Toxic Shock Syndrome
Toxic shock syndrome is a rare, life-threatening bacterial infection that has been most often associated with the use of superabsorbent tampons and occasionally with the use of contraceptive sponges.
In 1980, an outbreak of toxic shock syndrome occurred that mostly involved young women who had been using a particular brand of superabsorbent tampons. The cause of the outbreak seemed to be toxins produced by Staphylococcus aureus (staph) bacteria. Toxic shock syndrome can also result from toxins produced by group A streptococcus (strep) bacteria.
While the infection often occurs in menstruating women, it can also affect men, children and postmenopausal women. Other risk factors for toxic shock syndrome include skin wounds and surgery.
Signs and symptoms of toxic shock syndrome develop suddenly, and the disease can be fatal. You can take steps to reduce your risk of toxic shock syndrome.
Researchers don't know exactly how tampons may cause toxic shock syndrome. Some believe that when superabsorbent tampons are left in place for a long time, the tampons become a breeding ground for bacteria. Others have suggested that the superabsorbent fibers in the tampons can scratch the surface of the vagina, making it possible for bacteria or their toxins to enter the bloodstream.
The brand of tampons associated with the original toxic shock syndrome epidemic in the 1980s was voluntarily taken off the market by the manufacturer. After that, the number of cases of toxic shock syndrome declined dramatically.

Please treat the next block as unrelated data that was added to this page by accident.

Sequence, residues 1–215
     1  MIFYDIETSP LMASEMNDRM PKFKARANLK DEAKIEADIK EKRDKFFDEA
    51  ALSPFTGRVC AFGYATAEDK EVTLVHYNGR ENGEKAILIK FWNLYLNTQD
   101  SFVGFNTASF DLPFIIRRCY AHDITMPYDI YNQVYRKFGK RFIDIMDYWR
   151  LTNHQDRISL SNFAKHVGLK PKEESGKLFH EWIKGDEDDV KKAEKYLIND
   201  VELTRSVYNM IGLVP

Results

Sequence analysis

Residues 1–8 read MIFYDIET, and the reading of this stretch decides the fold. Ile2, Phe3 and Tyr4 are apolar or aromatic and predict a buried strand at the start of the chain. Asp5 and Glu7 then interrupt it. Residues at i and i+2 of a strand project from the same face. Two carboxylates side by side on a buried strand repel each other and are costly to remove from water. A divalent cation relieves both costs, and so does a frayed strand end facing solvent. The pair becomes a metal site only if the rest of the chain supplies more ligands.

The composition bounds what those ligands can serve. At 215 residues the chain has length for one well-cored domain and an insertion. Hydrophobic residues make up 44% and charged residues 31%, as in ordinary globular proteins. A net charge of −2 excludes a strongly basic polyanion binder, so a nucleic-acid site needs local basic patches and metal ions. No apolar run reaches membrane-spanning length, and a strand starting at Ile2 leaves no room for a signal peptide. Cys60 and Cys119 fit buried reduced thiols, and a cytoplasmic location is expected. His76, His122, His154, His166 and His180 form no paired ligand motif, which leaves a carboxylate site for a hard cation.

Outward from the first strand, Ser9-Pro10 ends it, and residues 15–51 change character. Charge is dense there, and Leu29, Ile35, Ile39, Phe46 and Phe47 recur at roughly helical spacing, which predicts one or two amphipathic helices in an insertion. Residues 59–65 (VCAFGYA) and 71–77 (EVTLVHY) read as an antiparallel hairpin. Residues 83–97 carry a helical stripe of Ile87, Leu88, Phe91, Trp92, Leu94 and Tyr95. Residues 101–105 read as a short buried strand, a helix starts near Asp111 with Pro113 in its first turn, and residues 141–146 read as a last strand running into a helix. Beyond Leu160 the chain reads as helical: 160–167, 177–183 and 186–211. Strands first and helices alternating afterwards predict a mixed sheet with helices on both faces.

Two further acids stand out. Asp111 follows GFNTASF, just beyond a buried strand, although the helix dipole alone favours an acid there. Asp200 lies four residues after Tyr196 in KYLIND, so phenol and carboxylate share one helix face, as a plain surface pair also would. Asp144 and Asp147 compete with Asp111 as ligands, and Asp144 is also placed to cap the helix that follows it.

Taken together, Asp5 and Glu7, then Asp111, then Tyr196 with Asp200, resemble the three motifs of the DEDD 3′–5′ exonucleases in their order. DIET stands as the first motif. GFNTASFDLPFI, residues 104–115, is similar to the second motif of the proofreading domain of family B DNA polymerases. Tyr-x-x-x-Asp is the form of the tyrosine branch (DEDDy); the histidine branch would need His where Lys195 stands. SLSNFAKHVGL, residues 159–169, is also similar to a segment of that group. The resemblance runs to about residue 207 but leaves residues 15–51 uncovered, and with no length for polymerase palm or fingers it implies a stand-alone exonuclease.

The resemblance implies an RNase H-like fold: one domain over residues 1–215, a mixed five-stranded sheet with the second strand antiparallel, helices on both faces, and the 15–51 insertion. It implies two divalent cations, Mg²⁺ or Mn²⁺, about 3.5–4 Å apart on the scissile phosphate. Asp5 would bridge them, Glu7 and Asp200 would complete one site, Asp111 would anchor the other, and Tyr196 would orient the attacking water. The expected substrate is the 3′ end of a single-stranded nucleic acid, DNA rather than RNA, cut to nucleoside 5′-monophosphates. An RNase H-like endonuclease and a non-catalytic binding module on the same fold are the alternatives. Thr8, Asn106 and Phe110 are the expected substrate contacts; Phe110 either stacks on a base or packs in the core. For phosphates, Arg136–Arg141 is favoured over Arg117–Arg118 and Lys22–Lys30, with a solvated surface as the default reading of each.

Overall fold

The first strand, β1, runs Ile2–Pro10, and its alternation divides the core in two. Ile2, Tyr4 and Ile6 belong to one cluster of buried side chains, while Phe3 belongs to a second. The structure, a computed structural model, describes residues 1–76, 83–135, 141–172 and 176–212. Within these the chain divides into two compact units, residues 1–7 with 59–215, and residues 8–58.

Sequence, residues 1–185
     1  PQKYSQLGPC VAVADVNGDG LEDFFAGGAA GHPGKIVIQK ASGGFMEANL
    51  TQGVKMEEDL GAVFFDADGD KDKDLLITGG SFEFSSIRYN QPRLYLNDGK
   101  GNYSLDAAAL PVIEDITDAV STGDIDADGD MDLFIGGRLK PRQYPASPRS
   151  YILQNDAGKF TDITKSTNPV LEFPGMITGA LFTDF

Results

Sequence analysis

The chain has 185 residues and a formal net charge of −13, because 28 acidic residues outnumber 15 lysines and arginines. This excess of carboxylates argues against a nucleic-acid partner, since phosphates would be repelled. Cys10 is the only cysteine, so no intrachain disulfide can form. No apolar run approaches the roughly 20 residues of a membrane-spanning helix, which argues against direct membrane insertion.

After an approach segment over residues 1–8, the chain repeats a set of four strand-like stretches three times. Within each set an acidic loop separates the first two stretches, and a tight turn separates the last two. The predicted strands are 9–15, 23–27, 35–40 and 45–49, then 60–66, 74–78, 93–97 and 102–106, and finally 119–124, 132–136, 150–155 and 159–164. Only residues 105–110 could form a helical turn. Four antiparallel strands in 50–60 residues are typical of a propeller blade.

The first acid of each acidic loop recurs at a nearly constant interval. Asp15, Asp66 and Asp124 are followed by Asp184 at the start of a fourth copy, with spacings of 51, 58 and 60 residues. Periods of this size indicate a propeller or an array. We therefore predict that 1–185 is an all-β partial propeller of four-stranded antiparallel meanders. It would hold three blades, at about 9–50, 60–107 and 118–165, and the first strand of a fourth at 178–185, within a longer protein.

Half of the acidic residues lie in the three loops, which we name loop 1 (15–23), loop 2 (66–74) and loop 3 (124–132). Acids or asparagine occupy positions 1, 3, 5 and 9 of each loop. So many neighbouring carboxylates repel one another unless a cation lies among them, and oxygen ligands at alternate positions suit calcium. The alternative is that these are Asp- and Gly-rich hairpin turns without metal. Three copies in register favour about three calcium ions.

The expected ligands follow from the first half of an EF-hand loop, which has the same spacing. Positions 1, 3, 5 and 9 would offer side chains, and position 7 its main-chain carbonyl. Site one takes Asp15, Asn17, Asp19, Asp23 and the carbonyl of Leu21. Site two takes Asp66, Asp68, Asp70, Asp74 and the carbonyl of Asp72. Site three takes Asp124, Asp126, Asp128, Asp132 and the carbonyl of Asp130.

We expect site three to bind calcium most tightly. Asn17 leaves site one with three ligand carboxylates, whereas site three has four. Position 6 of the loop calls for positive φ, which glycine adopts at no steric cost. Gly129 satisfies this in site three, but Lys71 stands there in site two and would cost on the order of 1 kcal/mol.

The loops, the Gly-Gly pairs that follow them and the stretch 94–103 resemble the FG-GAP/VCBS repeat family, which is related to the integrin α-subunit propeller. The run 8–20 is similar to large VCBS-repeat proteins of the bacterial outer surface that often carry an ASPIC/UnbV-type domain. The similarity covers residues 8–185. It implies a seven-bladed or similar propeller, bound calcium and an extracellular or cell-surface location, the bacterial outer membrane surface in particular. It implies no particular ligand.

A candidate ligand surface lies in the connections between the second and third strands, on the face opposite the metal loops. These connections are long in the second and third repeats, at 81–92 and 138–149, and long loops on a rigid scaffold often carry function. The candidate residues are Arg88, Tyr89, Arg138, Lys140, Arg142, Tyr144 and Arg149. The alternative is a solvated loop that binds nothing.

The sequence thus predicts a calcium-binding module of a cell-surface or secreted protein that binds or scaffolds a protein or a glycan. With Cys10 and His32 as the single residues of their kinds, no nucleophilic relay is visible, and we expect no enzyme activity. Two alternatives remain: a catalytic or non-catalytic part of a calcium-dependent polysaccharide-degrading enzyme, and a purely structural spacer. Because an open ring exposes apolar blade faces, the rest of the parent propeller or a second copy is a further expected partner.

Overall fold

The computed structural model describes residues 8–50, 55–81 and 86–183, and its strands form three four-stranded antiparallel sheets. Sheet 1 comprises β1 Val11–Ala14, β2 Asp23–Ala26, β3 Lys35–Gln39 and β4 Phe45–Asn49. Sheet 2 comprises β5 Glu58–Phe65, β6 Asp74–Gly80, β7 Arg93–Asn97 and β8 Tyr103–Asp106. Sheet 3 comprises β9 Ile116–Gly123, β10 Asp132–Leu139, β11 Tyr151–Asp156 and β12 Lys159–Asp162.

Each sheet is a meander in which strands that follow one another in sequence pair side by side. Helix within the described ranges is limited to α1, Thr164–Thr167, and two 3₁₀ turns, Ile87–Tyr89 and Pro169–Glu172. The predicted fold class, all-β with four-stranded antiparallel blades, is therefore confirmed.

It's not just young, menstruating women who can develop toxic shock syndrome. About half the current cases occur in nonmenstruating people, including older women, men and children. Toxic shock syndrome has occurred in women who had been wearing a diaphragm or a contraceptive sponge. It's possible for anyone to develop toxic shock syndrome in the course of a staph or strep infection. The syndrome may occur in association with skin wounds or surgery.
When to seek medical advice :
Call your doctor immediately if you experience the signs or symptoms of toxic shock syndrome. This is especially important if you're menstruating or have just finished menstruating and have been using tampons or if you have a skin or wound infection. Tell your doctor what your symptoms are and how long you've had them.
You may need to provide blood and urine samples to test for the presence of a staph infection. Samples from your vagina, cervix and throat may be taken for laboratory analysis by using cotton swabs.
The signs and symptoms of toxic shock syndrome may include :
- A sudden high fever
- Low blood pressure (hypotension)
- Vomiting or diarrhea
- A rash resembling a sunburn, particularly on your palms and soles — which, after a week or so, generally leads to peeling of the skin on your hands and feet
- Muscle aches
- Redness of your eyes, mouth and throat
If you develop toxic shock syndrome, you'll likely be hospitalized and need antibiotics. Doctors will try to determine the source of the infection. Along with antibiotics, you'll receive supportive care to treat the signs and symptoms of toxic shock syndrome. If your blood pressure begins to drop (hypotension), you'll need medication to stabilize it and fluids to treat dehydration. The toxins produced by the staph or strep bacteria and accompanying hypotension may result in kidney failure. If your kidneys fail, you may need dialysis.
You can reduce your chances of getting toxic shock syndrome by changing your tampon frequently, at least every four to eight hours. Consider using the lowest absorbency tampon you can and try to alternate using tampons and sanitary napkins whenever possible.
Toxic shock syndrome can recur. People who've had it once can get it again. If you've had toxic shock syndrome or a prior serious staph or strep infection, don't use tampons at all.